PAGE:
McNamee has had little chance to prove himself with votes so far, but in at least one major case, he made an impression on his peers.

Chatterjee has credited McNamee with brokering a compromise that allowed for a “breakthrough” approval of the Calcasieu Pass liquefied natural gas export project last month, the commission’s first approval of an LNG facility in two years.

A dozen other facilities are awaiting permit approval from FERC, which the oil and gas industry says are needed to transport the benefits of the shale boom abroad.

The breakthrough came because McNamee and Democratic Commissioner Cheryl LaFleur, the decisive vote on the Louisiana facility, negotiated a process to review the direct greenhouse gas emission impacts of the facilities.

“I’ve appreciated Commissioner McNamee’s collegiality and engagement on the issues, and certainly the Calcasieu Pass order is a good example of that,” LaFleur told the Washington Examiner via email.

LaFleur has pushed back on Chatterjee’s “breakthrough” characterization and vowed that her vote is not guaranteed for future projects if greenhouse gas emissions are too high.

McNamee said he agrees FERC won’t simply become a rubber stamp for all LNG projects because of its review process for emissions.

“Clearly, we are going to have to make each decision individually, but having a framework with which to do it, I am hopeful that helps us all continue to come together,” he said.

But FERC-approved LNG projects are a huge priority for the Energy Department, whose leader, Perry, has been forthright about his expectations and belief that McNamee is an ally.

Perry, in an address at CERAWeek, gave a shoutout to McNamee, who was sitting in the audience watching the speech.

Perry said McNamee is “one of the solutions” to the energy industry’s “biggest challenge” of receiving permits to build enough infrastructure to transport oil and gas domestically and abroad.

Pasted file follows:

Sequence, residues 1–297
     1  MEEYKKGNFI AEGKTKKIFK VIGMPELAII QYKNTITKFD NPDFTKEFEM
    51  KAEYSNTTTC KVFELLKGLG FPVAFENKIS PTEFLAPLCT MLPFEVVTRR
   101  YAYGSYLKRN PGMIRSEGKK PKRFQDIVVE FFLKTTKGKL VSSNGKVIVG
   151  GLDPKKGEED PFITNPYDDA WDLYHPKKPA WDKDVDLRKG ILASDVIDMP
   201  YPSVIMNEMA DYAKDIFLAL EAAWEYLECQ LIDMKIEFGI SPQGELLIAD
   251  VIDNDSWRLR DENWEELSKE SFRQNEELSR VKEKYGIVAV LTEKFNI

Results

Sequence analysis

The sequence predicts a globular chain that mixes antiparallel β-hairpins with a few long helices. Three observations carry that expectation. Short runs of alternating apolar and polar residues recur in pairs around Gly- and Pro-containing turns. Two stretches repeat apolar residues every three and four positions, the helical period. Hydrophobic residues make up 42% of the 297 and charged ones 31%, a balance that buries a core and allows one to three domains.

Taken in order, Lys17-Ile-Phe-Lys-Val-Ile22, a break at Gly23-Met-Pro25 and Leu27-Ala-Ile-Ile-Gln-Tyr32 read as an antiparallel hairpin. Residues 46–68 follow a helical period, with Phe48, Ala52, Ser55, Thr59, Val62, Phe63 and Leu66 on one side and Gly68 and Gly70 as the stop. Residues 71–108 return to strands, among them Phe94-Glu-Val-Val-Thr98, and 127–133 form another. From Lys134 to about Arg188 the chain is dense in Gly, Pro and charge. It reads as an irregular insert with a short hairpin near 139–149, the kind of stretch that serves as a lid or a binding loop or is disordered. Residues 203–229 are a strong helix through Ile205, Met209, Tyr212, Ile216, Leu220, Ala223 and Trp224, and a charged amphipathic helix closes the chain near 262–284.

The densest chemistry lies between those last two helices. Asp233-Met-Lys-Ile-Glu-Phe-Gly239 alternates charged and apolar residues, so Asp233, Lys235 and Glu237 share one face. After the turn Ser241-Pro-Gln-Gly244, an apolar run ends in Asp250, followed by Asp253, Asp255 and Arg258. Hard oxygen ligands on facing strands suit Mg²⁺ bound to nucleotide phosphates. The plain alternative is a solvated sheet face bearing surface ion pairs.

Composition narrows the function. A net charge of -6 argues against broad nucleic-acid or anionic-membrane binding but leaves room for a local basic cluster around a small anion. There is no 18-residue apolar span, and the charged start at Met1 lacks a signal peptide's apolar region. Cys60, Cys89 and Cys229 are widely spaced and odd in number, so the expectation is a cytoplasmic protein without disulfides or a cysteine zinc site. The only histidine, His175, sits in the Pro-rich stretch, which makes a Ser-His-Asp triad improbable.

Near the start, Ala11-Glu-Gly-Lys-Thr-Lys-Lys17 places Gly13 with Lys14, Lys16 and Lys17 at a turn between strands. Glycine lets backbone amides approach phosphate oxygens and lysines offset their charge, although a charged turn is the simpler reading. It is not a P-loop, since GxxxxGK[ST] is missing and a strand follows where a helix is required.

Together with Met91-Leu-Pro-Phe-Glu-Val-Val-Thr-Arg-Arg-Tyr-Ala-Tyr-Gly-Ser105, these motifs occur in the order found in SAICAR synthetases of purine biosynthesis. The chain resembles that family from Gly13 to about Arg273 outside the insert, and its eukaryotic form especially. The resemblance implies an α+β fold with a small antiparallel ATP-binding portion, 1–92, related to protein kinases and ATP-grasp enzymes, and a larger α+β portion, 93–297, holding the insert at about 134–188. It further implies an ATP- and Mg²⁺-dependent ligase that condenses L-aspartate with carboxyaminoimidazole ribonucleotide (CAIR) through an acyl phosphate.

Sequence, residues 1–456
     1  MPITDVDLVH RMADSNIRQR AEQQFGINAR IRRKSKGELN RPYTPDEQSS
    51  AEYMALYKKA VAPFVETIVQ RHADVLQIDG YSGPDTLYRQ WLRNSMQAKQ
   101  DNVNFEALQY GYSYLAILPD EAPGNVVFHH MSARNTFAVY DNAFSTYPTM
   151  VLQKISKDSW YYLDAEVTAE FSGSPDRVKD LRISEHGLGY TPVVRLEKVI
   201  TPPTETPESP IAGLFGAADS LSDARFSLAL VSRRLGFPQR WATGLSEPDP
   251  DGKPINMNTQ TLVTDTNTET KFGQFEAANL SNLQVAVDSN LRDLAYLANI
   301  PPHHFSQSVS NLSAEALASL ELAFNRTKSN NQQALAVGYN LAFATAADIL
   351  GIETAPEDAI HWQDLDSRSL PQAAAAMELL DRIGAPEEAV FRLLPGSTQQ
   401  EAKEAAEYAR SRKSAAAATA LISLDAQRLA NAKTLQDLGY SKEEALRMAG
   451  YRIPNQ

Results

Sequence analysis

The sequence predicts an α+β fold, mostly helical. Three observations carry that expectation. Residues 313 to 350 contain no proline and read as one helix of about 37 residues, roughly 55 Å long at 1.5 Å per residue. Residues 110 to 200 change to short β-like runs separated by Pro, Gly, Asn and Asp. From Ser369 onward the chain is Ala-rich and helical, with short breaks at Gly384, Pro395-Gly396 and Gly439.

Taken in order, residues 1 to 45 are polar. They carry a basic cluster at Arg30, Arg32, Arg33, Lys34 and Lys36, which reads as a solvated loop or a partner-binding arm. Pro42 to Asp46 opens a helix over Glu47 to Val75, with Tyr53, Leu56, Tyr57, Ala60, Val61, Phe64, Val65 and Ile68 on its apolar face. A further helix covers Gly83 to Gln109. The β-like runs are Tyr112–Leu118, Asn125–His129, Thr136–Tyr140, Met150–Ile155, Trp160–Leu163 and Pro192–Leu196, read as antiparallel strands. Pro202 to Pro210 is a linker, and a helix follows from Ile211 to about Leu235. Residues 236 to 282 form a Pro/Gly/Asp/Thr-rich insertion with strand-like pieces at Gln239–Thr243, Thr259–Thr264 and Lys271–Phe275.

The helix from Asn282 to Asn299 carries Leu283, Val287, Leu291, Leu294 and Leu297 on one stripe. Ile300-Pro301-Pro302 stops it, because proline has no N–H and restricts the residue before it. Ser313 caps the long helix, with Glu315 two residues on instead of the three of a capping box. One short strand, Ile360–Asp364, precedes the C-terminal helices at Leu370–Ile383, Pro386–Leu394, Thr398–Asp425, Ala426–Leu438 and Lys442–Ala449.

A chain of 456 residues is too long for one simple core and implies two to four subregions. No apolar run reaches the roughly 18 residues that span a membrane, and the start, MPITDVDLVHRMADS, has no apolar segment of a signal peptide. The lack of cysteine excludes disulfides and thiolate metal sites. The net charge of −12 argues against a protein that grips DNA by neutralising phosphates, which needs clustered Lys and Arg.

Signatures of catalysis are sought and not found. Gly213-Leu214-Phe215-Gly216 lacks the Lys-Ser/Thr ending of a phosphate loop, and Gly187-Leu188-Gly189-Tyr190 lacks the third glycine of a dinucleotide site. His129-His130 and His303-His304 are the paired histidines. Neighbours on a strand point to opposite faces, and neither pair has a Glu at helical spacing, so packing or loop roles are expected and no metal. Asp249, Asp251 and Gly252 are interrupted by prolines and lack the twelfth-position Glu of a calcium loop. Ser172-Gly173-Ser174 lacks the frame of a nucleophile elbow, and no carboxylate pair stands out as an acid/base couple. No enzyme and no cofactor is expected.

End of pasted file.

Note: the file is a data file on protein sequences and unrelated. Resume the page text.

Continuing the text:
“Bernie is a good friend,” Perry said. “Thank God he is on the commission now, and we got his nomination approved.”

Those comments could be awkward for McNamee, but he insists he doesn’t have an agenda at FERC.

“When I started, I was surprised how many people I met with, the first question they asked me was ‘What is your agenda?’ I was surprised because I see my role as a commissioner as being more of a judicial role than a policy role,” McNamee said.

His biggest challenge is yet to come.

FERC, before McNamee joined it, rejected a proposal from Perry to directly subsidize financially struggling coal and nuclear plants that can store fuel on-site for help during a grid emergency.

But FERC is now considering a broader question of whether the grid is resilient as it evolves away from coal and nuclear to gas and renewables, and if the commission needs to alter how power generators are compensated to reflect the changes.

McNamee was the lawyer who reviewed the Perry coal and nuclear subsidies proposal that FERC rejected.

His role is different now.

“As a commissioner at FERC, the challenge is: How do we accommodate the changes in the market and not pick winners and losers?” McNamee asked.